We are proud to announce the 2.11 release of Hume. Advanced Expand is introduced to Hume with this release, which lets users create complex queries to navigate the graph without using Cypher. Additionally, the visibility of Actions can now be defined per Perspectives, enabling a tailored exploration experience; a GraphQL API exposes data from Perspectives so that other apps can leverage the power of Hume. And finally, Configuration-as-Code allows administrators to manage Hume configuration files in a repository.
In Hume 2.11 you can:
- Traverse the graph without using Cypher with Advanced Expand.
- Tailor the availability of Actions for each Perspective.
- Expose data from Perspectives via a GraphQL API to other apps.
- Manage your Hume configuration in a repository with Configuration-as-Code.
Explore the graph without using a query language
Our new Advanced Expand, makes it possible to build a navigation path through the graph visually, without using a graph query language. You simply select a node as a starting point and then add the related items that you would like to explore. In order to get specific results, filters can be applied. This opens a new depth to the explorations of analysts and investigators that do not use Cypher.
This video shows how Advanced Expand is used to build an exploration path, filter the results, and see the Hume Visualisation canvas results.
Tailor the analysis experience by customising the visibility of Actions to each Perspective
Hume Perspectives lets you tailor a specific view on the schema and, through this, the data in Neo4j. This adds an extra layer of security and enables analysts and investigators to work only on relevant data, undisturbed by irrelevant items. With 2.11, the visibility of Actions can be customised per Perspectives, making it possible to tailor their usage to the view of schema that each Perspective offers.
This way, analysts and investigators have the right Actions at hand, at any time.
In this video, you can see how an Action is assigned to a Perspective and how an analyst can choose the Action when using a specific Perspective.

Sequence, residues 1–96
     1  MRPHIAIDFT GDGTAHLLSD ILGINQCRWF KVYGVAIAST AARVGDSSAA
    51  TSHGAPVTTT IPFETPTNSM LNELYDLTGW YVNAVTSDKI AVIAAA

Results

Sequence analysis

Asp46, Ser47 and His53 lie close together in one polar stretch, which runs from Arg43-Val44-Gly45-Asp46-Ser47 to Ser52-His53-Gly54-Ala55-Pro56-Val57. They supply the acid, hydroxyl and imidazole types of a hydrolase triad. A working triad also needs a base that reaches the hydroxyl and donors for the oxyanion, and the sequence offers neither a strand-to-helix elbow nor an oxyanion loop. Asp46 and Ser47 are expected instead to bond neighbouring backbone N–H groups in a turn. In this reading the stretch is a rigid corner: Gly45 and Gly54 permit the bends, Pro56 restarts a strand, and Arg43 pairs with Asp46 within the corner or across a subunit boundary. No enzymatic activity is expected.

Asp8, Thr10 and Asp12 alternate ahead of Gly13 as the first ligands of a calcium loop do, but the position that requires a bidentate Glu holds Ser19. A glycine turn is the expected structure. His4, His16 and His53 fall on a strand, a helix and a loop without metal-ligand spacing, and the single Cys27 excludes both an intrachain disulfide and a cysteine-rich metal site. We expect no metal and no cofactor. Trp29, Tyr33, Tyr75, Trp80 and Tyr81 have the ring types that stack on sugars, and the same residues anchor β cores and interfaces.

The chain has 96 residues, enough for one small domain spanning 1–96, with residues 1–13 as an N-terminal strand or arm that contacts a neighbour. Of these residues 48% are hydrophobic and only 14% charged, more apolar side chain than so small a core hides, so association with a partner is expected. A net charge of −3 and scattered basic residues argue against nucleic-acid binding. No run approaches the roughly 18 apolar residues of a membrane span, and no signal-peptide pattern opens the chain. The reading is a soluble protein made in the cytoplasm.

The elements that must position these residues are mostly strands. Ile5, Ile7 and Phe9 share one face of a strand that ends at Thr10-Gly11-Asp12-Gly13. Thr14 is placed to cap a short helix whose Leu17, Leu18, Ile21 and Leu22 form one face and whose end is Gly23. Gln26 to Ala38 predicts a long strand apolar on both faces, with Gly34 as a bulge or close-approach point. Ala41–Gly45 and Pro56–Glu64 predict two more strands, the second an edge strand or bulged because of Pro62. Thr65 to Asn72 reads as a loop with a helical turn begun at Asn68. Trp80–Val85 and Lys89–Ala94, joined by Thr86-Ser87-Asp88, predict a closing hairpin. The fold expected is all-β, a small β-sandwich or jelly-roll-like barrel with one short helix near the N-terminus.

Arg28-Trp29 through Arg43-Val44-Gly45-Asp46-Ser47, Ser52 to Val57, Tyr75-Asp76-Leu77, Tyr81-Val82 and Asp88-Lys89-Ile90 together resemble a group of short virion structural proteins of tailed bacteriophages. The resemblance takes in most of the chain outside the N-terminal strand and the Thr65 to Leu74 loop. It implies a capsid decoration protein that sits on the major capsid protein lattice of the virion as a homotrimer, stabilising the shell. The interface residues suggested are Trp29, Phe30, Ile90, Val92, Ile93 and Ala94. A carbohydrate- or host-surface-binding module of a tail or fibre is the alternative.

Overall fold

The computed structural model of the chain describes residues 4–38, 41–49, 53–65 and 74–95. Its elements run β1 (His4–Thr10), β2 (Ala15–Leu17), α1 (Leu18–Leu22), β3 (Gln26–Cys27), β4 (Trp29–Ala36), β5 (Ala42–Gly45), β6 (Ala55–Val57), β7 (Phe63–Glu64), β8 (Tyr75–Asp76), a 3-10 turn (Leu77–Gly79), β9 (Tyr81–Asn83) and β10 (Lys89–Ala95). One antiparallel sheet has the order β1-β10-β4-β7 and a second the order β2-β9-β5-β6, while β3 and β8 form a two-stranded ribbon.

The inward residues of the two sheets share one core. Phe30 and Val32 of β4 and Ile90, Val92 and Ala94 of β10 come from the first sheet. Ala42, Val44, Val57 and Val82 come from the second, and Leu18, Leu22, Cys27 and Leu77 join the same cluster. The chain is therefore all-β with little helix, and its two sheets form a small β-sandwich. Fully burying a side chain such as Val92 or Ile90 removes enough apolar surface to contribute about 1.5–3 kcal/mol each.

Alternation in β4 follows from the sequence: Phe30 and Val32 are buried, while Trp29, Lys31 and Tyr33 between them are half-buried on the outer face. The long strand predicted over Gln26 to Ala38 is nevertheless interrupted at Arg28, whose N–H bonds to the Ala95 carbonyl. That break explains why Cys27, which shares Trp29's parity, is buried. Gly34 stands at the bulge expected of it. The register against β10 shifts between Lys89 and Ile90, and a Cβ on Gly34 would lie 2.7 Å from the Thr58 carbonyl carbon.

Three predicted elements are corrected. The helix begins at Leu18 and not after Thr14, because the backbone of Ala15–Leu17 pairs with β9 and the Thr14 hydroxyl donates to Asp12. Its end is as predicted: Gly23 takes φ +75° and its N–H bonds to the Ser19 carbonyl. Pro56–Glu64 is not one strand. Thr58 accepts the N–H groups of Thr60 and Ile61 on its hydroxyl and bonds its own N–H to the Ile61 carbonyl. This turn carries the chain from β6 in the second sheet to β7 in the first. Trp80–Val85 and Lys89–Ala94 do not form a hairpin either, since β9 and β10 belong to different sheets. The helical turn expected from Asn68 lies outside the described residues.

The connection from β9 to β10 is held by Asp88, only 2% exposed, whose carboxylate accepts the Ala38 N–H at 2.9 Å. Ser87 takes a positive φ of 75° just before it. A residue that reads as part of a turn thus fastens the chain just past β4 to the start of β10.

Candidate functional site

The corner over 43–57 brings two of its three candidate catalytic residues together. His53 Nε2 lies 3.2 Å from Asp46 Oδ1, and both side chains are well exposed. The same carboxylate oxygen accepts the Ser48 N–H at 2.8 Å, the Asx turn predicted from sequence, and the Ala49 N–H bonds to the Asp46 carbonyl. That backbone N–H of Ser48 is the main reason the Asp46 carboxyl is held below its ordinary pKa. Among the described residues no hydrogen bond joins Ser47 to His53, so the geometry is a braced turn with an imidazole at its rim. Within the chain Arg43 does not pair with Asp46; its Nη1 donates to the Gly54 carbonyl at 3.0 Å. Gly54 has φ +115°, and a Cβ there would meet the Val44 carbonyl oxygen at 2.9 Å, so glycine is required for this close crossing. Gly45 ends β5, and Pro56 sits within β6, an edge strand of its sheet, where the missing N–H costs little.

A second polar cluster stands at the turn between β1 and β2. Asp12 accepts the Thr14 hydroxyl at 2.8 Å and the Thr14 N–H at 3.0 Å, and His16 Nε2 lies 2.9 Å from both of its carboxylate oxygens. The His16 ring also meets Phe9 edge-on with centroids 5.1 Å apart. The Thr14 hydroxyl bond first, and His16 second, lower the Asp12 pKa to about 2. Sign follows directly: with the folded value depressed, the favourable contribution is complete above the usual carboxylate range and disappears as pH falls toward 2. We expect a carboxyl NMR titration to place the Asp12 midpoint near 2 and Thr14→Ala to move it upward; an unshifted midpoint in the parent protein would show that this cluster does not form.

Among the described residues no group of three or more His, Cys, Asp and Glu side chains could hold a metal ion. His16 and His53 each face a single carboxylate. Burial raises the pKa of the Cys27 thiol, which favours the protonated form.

With 2.11 we release two groundbreaking features as Beta versions, so you can try them out and give us early feedback.
Beta: Expose data from Hume Perspectives to other apps
Our new GraphQL API makes it possible to expose data from Hume Perspectives to other apps. In this way the Schema, Nodes, Relationships & Virtual Relationships, and Actions can be exposed to 3rd party applications.
With Configuration-as-Code, a system administrator can manage Hume’s configuration as configuration resources in their source repository. It lets them treat application configuration resources as versioned artifacts. It is possible to configure new instances of Hume or manage existing ones. This enables much faster and more efficient configuration management and versioning of configurations.
Along with major changes, each release comes with improvements, bug fixes, and minor updates. Some of these include:
- Network attributes in Styles: Badges now support network attributes such as degree and weighted degree. This makes it possible to use the full power of Hume Styles to understand the network centrality of nodes.
- Polygons in Geospatial Analysis: You can now draw polygons in geospatial analysis which makes it possible to understand the locations of data points in the drawn area. Geospatial Data layers are Hume actions that can return GEOSPATIAL data elements (points, or polygons) to be plotted on the map alongside normal graph data. This is useful in many scenarios, e.g. to show auxiliary data on the map nearby the graph entities, such as CCTV locations when investigating a crime.
Supercharge Hume’s UX
As part of Hume’s development, we want to evaluate new features and ideas with users constantly. If you are interested in joining a usability test and evaluating what we are working on, please email me.
Further sources of knowledge
If you’re interested in learning more about how Hume delivers high value solutions, these resources give an overview of the range of possibilities.
Read more about Hume features of Actions and Temporal and Geospatial Analysis.
Don’t miss part 2 of our engineering series about microservices.
Read about how Hume can help you detect fraud.
And if you are one of us music lovers, don’t forget to watch the recording from the Neo4j Event: A Music Knowledge Graph with GraphAware.